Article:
[Note partial correction below, noted in the UPDATE.]
I know next to nothing about climate change questions, which is why I almost never blog about them. But the recent discussion of the East Anglia CRU e-mails touches on a matter that I have studied a bit, though not much — standards related to the sharing of raw data by researchers.
As I understand, and please correct me if I’m wrong, the CRU researchers apparently refused to share the underlying raw data that was the basis of their research. Is that so? If so, is there a scientifically acceptable justification for this refusal, especially when the topic is as important as this one?
My inclination would be to say that data should nearly always be shared. If you share your data, this lets others check the conclusions you draw from the data, as well as verifying the accuracy of the data against other available sources. They might disprove your arguments, or lead you to improve your arguments, or, if they reproduce your results, they might help prove the validity of your arguments. But in either case, science progresses better, and the decisions made based on the science are more reliable, than if you keep the data secret.
I can see some possible exceptions, for instance where there are concerns about the privacy of research subjects, or where the data was gathered as part of a commercial endeavor that requires that the data be kept proprietary for the commercial project to be viable, or some such. Even there I stress that the exceptions are merely possible; perhaps on balance the data should be shared even then, and in any event, even if there’s a good reason for the data not to be shared, people should view the research skeptically because of the lack of sharing.
But in any event, I don’t quite see why any such possible exceptions would apply here. The explanations that I’ve sometimes heard, which are that (1) the data might be misused by people who would make misleading arguments based on them, and (2) the initial gatherers of the data didn’t authorize the CRU to release it, strike me as unsound. Argument 1 does not seem acceptable for scientific research, since the proper scientific way to fight bad arguments is by responding with good ones, and not denying everyone access to the important data that would let them check your work. And argument 2 strikes me as implausible on the facts, since it’s not clear why the initial gatherers of the data would see it as any sort of secret. [UPDATE: It seems, as I note in my follow-up post, that some government agencies that gather meteorological data may indeed have insisted that CRU not share the data, apparently because they make money by selling it. But, as I argue in that post, that insistence strikes me as unjustifiable, given that the countries in which the data is gathered likely have vastly more to gain from better science that stems from more data sharing than they have to lose from lost climate data licensing revenue.]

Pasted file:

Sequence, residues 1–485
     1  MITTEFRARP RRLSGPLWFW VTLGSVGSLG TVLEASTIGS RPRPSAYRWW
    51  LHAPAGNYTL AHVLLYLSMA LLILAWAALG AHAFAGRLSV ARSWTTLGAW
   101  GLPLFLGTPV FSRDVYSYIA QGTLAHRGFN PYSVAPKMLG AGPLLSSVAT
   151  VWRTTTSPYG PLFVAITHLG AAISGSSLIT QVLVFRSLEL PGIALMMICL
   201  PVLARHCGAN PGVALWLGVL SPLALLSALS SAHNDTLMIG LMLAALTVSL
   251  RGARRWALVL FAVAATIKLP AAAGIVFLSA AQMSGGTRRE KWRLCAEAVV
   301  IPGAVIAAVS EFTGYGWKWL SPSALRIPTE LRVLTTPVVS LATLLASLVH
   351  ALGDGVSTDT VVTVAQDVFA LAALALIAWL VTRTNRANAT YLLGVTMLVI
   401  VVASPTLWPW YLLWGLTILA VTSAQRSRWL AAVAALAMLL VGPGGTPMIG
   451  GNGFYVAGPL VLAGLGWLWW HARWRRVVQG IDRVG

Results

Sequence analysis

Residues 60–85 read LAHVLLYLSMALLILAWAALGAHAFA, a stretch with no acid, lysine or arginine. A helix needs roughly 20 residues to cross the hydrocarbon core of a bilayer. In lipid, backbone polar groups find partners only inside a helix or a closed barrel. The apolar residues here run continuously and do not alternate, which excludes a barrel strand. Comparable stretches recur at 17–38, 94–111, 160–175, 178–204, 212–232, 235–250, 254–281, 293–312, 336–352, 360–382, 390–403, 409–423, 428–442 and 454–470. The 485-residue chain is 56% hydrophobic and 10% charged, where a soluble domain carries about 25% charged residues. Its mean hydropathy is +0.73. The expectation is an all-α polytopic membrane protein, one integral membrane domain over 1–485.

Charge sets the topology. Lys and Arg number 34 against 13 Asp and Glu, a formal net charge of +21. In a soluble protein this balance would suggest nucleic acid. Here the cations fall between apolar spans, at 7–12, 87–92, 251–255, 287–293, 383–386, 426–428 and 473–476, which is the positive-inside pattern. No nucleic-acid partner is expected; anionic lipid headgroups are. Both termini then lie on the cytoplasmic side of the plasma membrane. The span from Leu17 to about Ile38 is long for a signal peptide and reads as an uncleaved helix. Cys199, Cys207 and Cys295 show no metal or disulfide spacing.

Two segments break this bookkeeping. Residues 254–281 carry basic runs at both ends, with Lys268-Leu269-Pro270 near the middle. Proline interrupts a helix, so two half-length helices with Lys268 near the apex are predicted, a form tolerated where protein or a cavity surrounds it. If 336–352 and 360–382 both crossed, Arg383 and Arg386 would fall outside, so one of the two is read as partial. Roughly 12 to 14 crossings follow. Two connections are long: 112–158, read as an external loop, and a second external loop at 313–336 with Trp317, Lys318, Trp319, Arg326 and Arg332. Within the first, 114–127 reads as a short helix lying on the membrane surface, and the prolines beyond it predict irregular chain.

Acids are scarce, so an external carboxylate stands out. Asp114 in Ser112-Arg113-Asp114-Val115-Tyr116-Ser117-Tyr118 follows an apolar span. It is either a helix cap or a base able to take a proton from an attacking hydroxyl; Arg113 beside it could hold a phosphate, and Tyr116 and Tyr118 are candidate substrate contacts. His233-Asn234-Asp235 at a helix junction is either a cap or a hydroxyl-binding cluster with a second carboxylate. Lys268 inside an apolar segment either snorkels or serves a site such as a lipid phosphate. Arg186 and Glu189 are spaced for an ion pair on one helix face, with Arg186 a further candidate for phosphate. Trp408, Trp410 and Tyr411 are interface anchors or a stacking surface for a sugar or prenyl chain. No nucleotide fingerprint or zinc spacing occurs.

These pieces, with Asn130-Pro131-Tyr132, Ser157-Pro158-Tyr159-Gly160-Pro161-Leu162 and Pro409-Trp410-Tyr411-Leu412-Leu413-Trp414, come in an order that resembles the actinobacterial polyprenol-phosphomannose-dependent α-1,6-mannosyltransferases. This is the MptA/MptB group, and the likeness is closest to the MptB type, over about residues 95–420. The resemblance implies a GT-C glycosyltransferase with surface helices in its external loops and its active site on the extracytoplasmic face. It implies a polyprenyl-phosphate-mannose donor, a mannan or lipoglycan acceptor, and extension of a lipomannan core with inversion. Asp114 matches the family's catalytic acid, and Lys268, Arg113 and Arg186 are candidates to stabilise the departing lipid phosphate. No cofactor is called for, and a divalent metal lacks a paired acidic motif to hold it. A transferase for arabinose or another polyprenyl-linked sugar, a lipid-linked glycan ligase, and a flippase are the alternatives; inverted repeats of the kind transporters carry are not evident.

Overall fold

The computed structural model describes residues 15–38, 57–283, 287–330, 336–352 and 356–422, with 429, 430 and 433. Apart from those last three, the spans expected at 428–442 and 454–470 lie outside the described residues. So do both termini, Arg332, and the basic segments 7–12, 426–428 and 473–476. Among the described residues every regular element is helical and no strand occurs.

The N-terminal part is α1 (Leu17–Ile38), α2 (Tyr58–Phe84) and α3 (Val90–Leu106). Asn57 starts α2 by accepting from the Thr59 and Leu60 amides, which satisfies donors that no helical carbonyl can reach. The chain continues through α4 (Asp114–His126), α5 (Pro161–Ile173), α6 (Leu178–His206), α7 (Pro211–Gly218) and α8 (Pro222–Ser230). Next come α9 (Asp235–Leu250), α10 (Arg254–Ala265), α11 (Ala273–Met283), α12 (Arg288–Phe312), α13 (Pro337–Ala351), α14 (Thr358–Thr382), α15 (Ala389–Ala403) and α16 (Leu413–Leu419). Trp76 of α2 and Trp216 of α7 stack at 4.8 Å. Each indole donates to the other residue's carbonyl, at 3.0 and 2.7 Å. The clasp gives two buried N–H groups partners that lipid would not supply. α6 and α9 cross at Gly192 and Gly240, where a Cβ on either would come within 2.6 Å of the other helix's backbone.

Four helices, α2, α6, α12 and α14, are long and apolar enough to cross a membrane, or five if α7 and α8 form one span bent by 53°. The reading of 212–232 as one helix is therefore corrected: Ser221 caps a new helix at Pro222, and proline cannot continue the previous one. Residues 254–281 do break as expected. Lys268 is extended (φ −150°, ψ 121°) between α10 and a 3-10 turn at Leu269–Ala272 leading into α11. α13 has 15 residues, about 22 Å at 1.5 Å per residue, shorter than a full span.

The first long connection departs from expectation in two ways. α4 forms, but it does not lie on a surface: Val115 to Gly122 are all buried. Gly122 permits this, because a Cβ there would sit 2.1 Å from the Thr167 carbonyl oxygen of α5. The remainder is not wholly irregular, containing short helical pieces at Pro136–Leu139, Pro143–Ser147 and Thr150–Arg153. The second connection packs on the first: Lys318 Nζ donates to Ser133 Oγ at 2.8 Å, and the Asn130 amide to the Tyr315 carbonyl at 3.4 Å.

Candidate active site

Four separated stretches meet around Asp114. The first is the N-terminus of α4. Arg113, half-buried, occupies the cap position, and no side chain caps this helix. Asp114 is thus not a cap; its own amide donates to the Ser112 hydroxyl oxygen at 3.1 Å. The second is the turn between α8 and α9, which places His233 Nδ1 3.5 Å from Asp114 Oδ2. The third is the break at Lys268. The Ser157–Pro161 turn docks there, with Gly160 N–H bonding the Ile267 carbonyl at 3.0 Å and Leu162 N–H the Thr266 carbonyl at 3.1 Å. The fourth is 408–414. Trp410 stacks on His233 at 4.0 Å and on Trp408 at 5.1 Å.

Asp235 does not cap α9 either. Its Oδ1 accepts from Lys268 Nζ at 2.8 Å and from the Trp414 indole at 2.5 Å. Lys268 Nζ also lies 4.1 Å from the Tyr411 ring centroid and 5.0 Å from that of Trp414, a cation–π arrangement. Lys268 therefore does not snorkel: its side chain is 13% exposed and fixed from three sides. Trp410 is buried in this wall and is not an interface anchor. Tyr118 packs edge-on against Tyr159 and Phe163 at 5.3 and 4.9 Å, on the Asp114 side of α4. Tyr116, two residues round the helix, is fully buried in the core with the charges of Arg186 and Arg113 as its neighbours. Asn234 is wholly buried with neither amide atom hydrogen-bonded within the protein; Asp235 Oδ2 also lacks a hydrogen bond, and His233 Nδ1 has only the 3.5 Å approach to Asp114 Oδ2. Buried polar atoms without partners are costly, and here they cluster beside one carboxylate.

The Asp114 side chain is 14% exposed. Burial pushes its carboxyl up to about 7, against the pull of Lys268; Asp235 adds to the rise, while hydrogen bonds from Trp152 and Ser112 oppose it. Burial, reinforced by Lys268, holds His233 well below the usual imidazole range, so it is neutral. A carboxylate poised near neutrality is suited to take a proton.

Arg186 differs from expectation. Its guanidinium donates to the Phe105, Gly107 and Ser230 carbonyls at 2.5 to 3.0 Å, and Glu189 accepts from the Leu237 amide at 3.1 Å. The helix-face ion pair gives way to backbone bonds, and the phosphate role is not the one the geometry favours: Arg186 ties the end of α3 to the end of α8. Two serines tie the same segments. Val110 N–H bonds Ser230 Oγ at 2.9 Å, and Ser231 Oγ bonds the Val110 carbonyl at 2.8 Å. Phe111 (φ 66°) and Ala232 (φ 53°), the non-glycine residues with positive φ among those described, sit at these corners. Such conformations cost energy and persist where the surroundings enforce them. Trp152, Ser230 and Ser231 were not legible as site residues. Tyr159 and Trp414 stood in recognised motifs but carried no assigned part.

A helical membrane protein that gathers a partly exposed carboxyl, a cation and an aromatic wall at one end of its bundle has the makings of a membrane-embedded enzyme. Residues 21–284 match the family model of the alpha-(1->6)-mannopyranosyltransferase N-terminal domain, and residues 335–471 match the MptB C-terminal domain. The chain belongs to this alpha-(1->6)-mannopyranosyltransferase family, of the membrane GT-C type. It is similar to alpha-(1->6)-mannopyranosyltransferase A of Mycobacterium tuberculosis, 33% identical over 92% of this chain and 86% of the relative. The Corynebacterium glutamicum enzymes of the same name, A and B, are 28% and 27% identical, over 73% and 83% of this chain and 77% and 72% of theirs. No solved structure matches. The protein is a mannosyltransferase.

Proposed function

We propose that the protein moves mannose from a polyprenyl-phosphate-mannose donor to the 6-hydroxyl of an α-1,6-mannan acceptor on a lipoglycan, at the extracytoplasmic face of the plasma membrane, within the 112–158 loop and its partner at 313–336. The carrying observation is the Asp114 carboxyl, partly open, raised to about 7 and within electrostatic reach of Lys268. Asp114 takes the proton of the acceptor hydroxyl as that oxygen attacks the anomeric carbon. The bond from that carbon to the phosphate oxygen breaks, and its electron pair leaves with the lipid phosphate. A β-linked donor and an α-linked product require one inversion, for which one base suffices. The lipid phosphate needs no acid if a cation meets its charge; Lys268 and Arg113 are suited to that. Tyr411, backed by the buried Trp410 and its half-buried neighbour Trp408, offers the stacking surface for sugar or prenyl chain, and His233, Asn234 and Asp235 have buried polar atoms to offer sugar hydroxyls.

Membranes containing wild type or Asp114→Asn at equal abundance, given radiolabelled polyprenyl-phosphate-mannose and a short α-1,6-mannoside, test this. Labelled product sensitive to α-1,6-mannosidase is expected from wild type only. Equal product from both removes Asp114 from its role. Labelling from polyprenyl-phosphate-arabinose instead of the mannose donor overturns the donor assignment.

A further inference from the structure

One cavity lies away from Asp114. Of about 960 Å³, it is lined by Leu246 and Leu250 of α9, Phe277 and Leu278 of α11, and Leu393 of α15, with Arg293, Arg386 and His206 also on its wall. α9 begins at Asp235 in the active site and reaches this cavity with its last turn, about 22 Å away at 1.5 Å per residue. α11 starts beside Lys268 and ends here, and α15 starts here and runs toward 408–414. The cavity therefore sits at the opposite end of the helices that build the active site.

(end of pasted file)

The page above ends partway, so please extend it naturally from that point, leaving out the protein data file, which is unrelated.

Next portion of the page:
Am I missing some important justification for keeping the data confidential in this case? Or am I misunderstanding the situation, and the data was indeed made available to everyone? I am not looking for generalities about the alleged sins or virtues of various schools of thought on climate change, or even arguments about whether climate is indeed changing. My question is solely limited to the question of the scientific ethics related to data sharing; and it would be particularly useful to hear from scientists who have actually dealt with such questions in their own work.